Always question what someone tells you about a subject you don't know well, and even when someone tells you about something you think you know well. You probably already do the latter instinctively, but the former is usually a challenge for humans. Come at every subject as if you know nothing, but do not use that as a reason to accept everything or anything you hear/read/see.

Some people call this thinking critically, but really it's just the best way to learn anything. Test what you're told/have read/have seen. Test what you think you know.

Some people say this is hard work. Maybe that's one of the problems of "civilization."

A good litigator tells a story that is consistent with reality as seen by most people.

A sneaky one tells a story that is consistent with jurors' fears and/or prejudices, and obtains their acceptance that way.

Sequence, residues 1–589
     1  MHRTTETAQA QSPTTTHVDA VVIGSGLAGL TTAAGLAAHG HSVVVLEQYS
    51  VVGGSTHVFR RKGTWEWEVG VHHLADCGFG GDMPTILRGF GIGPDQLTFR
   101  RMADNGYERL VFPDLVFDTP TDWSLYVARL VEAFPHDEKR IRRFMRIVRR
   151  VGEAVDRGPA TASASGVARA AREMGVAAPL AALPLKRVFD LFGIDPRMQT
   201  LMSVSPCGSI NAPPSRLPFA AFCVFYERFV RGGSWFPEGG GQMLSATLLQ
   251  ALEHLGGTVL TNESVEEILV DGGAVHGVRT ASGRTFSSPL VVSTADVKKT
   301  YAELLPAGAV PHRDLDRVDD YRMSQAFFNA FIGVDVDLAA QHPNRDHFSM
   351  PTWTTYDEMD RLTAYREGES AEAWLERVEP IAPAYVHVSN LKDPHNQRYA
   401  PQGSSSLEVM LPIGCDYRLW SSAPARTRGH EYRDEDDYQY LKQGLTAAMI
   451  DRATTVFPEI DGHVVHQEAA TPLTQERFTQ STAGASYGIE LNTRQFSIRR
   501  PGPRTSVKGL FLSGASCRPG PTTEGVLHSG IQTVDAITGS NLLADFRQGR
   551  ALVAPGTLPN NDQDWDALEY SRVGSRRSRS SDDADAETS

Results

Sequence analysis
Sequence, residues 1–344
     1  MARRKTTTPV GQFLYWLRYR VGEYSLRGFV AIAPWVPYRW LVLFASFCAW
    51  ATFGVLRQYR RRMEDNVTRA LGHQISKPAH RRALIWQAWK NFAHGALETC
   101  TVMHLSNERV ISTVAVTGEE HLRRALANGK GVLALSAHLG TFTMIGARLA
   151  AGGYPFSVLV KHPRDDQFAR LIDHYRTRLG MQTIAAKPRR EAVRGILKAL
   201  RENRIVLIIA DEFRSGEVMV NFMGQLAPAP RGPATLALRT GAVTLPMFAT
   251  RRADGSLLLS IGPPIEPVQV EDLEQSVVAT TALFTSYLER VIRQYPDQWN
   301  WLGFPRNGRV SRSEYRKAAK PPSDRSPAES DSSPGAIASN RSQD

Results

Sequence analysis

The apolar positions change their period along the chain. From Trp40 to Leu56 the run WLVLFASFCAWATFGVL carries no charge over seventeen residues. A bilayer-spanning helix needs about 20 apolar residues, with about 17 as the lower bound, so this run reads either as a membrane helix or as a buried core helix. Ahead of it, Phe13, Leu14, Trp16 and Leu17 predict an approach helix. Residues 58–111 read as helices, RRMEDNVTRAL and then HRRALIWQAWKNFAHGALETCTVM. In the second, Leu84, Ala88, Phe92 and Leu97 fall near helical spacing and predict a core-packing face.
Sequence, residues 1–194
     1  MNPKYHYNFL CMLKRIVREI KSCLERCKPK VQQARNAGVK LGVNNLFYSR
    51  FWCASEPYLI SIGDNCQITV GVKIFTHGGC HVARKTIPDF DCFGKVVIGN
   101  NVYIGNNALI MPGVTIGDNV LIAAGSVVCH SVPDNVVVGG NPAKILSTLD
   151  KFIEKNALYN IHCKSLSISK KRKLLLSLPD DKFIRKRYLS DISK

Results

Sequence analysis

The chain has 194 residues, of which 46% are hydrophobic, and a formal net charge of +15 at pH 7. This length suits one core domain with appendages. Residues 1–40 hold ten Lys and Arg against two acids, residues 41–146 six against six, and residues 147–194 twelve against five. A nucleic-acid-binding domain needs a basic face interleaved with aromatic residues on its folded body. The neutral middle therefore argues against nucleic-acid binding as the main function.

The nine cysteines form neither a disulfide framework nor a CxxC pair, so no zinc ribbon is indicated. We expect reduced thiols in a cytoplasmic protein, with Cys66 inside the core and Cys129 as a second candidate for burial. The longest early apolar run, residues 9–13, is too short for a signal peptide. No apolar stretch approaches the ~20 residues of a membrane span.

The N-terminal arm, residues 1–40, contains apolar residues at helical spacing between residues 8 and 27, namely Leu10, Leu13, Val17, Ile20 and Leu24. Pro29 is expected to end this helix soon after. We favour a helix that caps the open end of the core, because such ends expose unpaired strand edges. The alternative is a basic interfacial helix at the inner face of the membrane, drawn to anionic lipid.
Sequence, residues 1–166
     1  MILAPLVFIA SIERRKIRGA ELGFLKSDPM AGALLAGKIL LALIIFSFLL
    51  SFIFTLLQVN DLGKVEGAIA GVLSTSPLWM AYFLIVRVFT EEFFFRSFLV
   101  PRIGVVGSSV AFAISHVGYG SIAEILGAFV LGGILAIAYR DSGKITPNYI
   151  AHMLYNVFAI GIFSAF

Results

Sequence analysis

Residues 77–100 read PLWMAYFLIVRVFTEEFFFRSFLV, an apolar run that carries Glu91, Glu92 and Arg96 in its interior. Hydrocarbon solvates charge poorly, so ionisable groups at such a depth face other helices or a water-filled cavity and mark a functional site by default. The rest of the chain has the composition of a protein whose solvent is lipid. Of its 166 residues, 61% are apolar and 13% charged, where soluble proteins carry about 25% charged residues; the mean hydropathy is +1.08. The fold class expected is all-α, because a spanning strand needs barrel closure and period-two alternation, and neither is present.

The former helps the system of laws retain integrity.

The latter helps corrode the system and render it untrustworthy in the eyes of those dragged into the system against their will.

Karl Franz Ochstradt said...

The good writer uses words accurately and gives credit to those whose ideas were essential to the concepts offered in the writing.

The shitheel distorts words and ends up using obfuscation and misdirection, and plagiarizes happily, taking pride in the deceptive success. The writing often seems to be about the writer him/herself, and not about the concepts communicated or the audience's entertainment or intellectual growth.

I wonder which one would make me think he/she ought to be questioned more thoroughly, which should be treated most skeptically, next time I read him/her. I wonder this rhetorically, I mean.

Chet Redweld said...

You probably gave it away by saying "shitheel," Karl. Though using that word is consistent with what you said, it's not exactly how I would have said it.

Paul Behrer said...

Hey Anonymous, what do you think about giving Chet's question a crack? --

Why do people "cynically" say, "well that's how things are, dude, and that's what you have to do to get ahead in this world." ??

while